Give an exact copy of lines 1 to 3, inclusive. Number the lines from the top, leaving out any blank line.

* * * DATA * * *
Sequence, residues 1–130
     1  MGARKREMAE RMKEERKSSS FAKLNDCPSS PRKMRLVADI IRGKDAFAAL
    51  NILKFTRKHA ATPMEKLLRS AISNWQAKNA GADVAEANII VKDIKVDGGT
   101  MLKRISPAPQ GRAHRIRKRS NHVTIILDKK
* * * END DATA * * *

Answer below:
Sequence, residues 1–130
     1  MGARKREMAE RMKEERKSSS FAKLNDCPSS PRKMRLVADI IRGKDAFAAL
    51  NILKFTRKHA ATPMEKLLRS AISNWQAKNA GADVAEANII VKDIKVDGGT